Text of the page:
Keenaghan, S., Bowles, L., Crawfurd, G., Thurlbeck, S., Kentridge, R. W., and Cowie, D. (2020). My body until proven otherwise: Exploring the time course of the full body illusion. Conscious. Cogn. Neurosci. 78:102882. doi: 10.1016/j.concog.2020.102882
Lannin, N. A., Horsley, S. A., Herbert, R., McCluskey, A., and Cusick, A. (2003). Splinting the hand in the functional position after brain impairment: a randomized, controlled trial. Arch. Phys. Med. Rehabil. 84, 297–302. doi: 10.1053/apmr.2003.50031
Mang, C. S., Campbell, K. L., Ross, C. J., and Boyd, L. A. (2013). Promoting neuroplasticity for motor rehabilitation after stroke: considering the effects of aerobic exercise and genetic variation on brain-derived neurotrophic factor. Phys. Ther. 93, 1707–1716. doi: 10.2522/ptj.20130053
Nelles, G., Jentzen, W., Jueptner, M., Müller, S., and Diener, H. (2001). Arm training induced brain plasticity in stroke studied with serial positron emission tomography. Neuroimage 13, 1146–1154. doi: 10.1006/nimg.2001.0757
Ordahan, B., Karahan, A., Basaran, A., Turkoglu, G., Kucuksarac, S., Cubukcu, M., et al. (2015). Impact of exercises administered to stroke patients with balance trainer on rehabilitation results: a randomized controlled study. Hippokratia 19:125.
Perez-Marcos, D., Chevalley, O., Schmidlin, T., Garipelli, G., Serino, A., Vuadens, P., et al. (2017). Increasing upper limb training intensity in chronic stroke using embodied virtual reality: a pilot study. J. Neuroeng. Rehabil. 14:119. doi: 10.1186/s12984-017-0328-9
Rensink, M., Schuurmans, M., Lindeman, E., and Hafsteinsdóttir, T. (2009). Task-oriented training in rehabilitation after stroke: systematic review. J. Adv. Nurs. 65, 737–754. doi: 10.1111/j.1365-2648.2008.04925.x
Stoloff, R., Taylor, J., Xu, J., Ridderikhoff, A., and Ivry, R. (2011). Effect of reinforcement history on hand choice in an unconstrained reaching task. Front. Neurosci. 5:41. doi: 10.3389/fnins.2011.00041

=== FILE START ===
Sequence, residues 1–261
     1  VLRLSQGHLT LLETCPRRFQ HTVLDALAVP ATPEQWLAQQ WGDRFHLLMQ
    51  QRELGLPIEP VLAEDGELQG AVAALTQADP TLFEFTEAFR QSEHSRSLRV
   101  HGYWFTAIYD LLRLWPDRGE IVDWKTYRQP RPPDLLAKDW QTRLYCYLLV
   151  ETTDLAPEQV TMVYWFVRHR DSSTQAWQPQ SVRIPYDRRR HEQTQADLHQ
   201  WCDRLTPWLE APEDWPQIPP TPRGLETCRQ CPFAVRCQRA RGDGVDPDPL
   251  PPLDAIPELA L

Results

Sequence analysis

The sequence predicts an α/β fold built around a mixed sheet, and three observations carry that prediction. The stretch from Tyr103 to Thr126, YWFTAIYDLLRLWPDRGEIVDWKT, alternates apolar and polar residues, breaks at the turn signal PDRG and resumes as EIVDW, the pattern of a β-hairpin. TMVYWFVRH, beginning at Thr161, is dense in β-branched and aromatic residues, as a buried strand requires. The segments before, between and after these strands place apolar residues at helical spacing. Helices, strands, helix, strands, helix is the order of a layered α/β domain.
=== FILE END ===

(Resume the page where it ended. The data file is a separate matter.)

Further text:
Viau, A., Feldman, A. G., McFadyen, B. J., and Levin, M. F. (2004). Reaching in reality and virtual reality: a comparison of movement kinematics in healthy subjects and in adults with hemiparesis. J. Neuroeng. Rehabil. 1:11. doi: 10.1186/1743-0003-1-11
Keywords: immersive virtual reality, learned non-use, constraint-induced movement therapy, reinforcement-induced movement therapy, visual amplification
Citation: Sakabe N, Altukhaim S, Hayashi Y, Sakurada T, Yano S and Kondo T (2021) Enhanced Visual Feedback Using Immersive VR Affects Decision Making Regarding Hand Use With a Simulated Impaired Limb. Front. Hum. Neurosci. 15:677578. doi: 10.3389/fnhum.2021.677578
Received: 07 March 2021; Accepted: 18 May 2021;
Published: 11 June 2021.
Edited by:Jun Izawa, University of Tsukuba, Japan
Reviewed by:Wen Wen, The University of Tokyo, Japan
Aviv Elor, University of California, Santa Cruz, United States
Copyright © 2021 Sakabe, Altukhaim, Hayashi, Sakurada, Yano and Kondo. This is an open-access article distributed under the terms of the Creative Commons Attribution License (CC BY). The use, distribution or reproduction in other forums is permitted, provided the original author(s) and the copyright owner(s) are credited and that the original publication in this journal is cited, in accordance with accepted academic practice. No use, distribution or reproduction is permitted which does not comply with these terms.
*Correspondence: Toshiyuki Kondo, email@example.com
†These authors have contributed equally to this work